Geneseo's walking bridge would conquer confounding creek

Claudia Loucks
For the Republic
The drawing is of the proposed pedestrian bridge and historical landing project to be constructed across the Geneseo Creek at the intersection of South State St. and Oakwood Ave.

Geneseo's city council is taking steps to turn a long-time vision into reality.

According to Brandon Maeglin, Geneseo city administrator, a pedestrian bridge and historical landing across the Geneseo City Creek has a been a project “on the council’s radar for many years, and we are excited to take the first steps now so that we can see this vision come to life.”

The council approved a resolution Sept. 15 to fund initial renderings of a potential pedestrian bridge and historical landing project across the Geneseo Creek at the intersections of South State Street and Oakwood Avenue.

Maeglin said the goal is to have the majority of the project funded through grants, and on Sept. 30 the city officials applied for a State of Illinois Transportation Enhancement Program Grant.

”We will learn if we are awarded a grant in May of 2023,” he said. “This grant has the potential to fund anywhere from 50 percent to 80 percent of the project expenses.”

Locally, the city has been awarded a $25,000 grant form the Miller Foundation and the Geneseo Foundation has approved a $125,000 grant contingent upon securing the ITEP grant.  

“This project hits on many different goals and opportunities for improvement that the council has for the Interstate Corridor District, making it a very exciting project for us to tackle,” Maeglin added.

The pillars of the project are: pedestrian safety, access to businesses, celebration of history and beautification of the Interstate Gateway to Geneseo.

Maeglin said early engineering estimates put the anticipated project expense from $300,000 to $450,000, and “if awarded the state grant, we can expect the project to begin in the summer of 2023.”

Currently, pedestrians and bicyclists are forced to walk across the vehicular bridge, which puts both the pedestrians and the vehicle passengers at risk, as evidenced by the five vehicular collisions that occurred in the last year in the vicinity of the bridge.

The current vehicular bridge is too narrow to accommodate a walking path, so a separate pedestrian bridge is required for the safety of Geneseo’s residents and visitors, the city administrator said.

On the east side of the Geneseo Creek, the pedestrian bridge will empty into a historical landing where the marker for Geneseo’s first log cabin will be re-located to a much more accurate location than its current resting place, which is north on State St.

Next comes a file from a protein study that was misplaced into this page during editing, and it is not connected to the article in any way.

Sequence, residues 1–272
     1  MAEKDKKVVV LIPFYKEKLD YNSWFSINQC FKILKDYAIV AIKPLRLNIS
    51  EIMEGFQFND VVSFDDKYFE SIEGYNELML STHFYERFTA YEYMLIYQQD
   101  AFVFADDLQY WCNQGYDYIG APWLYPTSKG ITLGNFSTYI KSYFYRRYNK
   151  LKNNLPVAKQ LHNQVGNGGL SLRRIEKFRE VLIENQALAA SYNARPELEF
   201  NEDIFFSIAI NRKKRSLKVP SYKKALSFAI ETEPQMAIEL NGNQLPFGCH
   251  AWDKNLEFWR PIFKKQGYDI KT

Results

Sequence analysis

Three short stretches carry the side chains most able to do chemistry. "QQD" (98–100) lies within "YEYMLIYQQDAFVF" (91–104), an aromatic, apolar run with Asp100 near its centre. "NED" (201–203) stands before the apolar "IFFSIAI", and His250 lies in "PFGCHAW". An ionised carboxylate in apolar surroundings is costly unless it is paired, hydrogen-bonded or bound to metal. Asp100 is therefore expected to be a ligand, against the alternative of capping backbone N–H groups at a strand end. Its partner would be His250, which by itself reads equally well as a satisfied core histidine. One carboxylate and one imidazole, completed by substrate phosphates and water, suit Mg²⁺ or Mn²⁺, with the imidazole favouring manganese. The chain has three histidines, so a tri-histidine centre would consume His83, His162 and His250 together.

The pedestrian bridge also will have a “Welcome to Geneseo” sign and highlight the community as modern and hospitable, Maeglin said.

"In addition to the safety and cultural preservation benefits of the project, there is also an economic benefit for local businesses," he said. "Five separate businesses on Oakwood Ave/Route 82 reported an anticipated revenue increase of $5,000 to $10,000 per store once the project is complete, primarily from new foot and bicycle traffic.”

Log cabin marker

Mary Gustafson, Honorary Illinois State Regent of the National Society of the Daughters of the American Revolution, Geneseo Chapter, said the organization would very much like the boulder and plaque to be moved to the original site of the first log cabin.

Gustafson said the Geneseo Chapter (National Society of the Daughters of the American Revolution (NSDAR) was organized in 1899.

“In keeping with the mission to promote historic preservation, the Geneseo Chapter members placed a marker near the Geneseo Creek at the junction of State Street and Oakwood Avenue, marking the site of Geneseo’s First Log Cabin,” Gustafson explained. “This boulder and marker had to be moved in the early 1970’s because of the reconfiguration of the intersection of South State St. and Oakwood Ave. It was moved to the end of the South State St. boulevard.”

The boulder is black jasper which came form the land formerly owned by Hiram J. Cady, whose wife was Mary Bartlett, daughter of Cromwell K. Bartlett, who was one of the early Geneseo settlers, Gustafson said.

The Geneseo Chapter replaced the original, deteriorating plaque with a new bronze plaque in June of 2000.

“It was the hope of the chapter that the day would come when the boulder and plaque could be relocated to the original site of the first log cabin near the Geneseo Creek," Gustafson said. "It is important that the marking of historic sites be as accurate as possible and the relocation of the boulder and plaque will make this possible.”

She the Geneseo chapter will pay for a new plaque when it is relocated in the proposed Historical Landing.